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By James Frank
I’m going to keep this brief because the Legislature is going to spend the next 3 months analyzing this question, and I pray, making changes that will ensure it doesn’t happen again. With that said, what happened is that we lost a ton of our supply of electricity at the same time that demand skyrocketed because of temperatures. This event has been FAR worse than even the worst-case scenario ERCOT plans envisioned.
The grid was able to meet the high demand numbers on Sunday night when it peaked. Unfortunately, the frigid temps started knocking out a number of the production facilities of all types (wind, natural gas, coal, nuclear) in quick succession. All told, 49,000 MW of power was unavailable right when it was needed the most. As a result, ERCOT had to force the distributors (like Oncor) to curtail demand to make sure that it could meet basic requirements for critical infrastructure. That curtailment was in the form of “rolling blackouts.” Unfortunately, with production unable to come back online quickly, there was not enough capacity in the system to allow the blackouts to roll.
The one question I have been asked the most since this all began is: “Why have some of my neighbors not lost power at all while I/my family/etc. have not had it for more than 30 hours?” I think all of us are willing to tolerate hardships as long as we feel like it’s fair and this hasn’t felt fair.
ERCOT runs the overall grid for most of the state and they tell the power distribution companies (like Oncor) when they need to cut distribution and by how much. This reduction requirement is assessed equitably throughout the state (Oncor has 36% of the grid load, so they have to account for 36% of the reduction amount). It is up to each individual company to figure out how to meet that reduction requirement.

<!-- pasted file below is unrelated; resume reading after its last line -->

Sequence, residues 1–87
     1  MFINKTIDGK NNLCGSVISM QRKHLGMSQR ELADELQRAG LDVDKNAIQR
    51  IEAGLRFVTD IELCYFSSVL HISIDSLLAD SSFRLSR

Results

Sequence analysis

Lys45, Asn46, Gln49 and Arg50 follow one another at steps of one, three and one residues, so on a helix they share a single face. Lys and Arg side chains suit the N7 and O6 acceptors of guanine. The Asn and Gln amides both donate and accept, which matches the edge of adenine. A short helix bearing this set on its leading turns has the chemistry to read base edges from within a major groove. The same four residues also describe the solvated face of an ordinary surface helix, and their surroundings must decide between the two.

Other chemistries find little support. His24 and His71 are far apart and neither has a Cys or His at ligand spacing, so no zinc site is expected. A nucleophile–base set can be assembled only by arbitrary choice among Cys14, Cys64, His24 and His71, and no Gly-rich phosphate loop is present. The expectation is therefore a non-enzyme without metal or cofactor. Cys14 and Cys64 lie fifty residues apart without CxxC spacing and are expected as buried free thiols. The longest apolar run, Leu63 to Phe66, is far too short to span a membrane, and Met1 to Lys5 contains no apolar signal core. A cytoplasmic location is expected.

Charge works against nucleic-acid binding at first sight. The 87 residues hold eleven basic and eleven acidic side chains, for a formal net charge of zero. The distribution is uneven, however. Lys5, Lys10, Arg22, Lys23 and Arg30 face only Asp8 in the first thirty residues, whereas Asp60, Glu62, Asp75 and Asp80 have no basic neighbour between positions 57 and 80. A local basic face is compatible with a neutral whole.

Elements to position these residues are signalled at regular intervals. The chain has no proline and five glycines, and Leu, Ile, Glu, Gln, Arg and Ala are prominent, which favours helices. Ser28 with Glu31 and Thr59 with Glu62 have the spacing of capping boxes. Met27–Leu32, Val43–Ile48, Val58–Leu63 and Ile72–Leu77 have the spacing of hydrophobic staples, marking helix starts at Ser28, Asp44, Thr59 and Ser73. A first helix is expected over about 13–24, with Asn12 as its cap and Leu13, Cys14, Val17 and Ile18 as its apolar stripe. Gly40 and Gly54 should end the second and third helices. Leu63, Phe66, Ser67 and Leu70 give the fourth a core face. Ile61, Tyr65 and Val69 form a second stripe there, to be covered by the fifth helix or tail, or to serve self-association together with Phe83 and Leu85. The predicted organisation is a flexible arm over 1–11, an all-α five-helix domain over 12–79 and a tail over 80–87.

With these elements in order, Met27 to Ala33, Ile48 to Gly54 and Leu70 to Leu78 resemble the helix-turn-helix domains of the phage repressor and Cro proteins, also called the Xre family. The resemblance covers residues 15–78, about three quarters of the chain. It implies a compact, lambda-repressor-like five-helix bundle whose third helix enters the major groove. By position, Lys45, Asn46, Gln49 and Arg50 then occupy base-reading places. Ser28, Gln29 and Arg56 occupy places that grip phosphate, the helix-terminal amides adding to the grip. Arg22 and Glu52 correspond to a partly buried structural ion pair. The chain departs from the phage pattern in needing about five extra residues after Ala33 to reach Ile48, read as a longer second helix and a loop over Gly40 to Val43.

So why such a disparity between the power haves and have-nots? There are a number of factors that are at play. From my understanding, the primary factor is whether you happen to be along a circuit that is providing power to “critical infrastructure” like hospitals or water treatment plants. If you are on one of those circuits, you will maintain power. However, in order to ensure that those critical places are keeping power, those that have lost power can’t gain it back until that capacity we discussed previously comes back on. Additionally, it could be a very localized issue with the distribution network (lines down, transformers out, etc.) that is addressed on a case-by-case basis.
Additionally, our crews continue to restore equipment damaged by the significant winter storm so those homes and businesses can receive power as soon as possible. We have relocated crews, including mutual assistance contractors from out of state, from areas with limited damage to areas with more damage to make repairs as quickly and safely as possible. We are closely watching the coming winter storm that is forecast for Tuesday night and Wednesday to ensure that we have the needed resources to address any damage from the storm.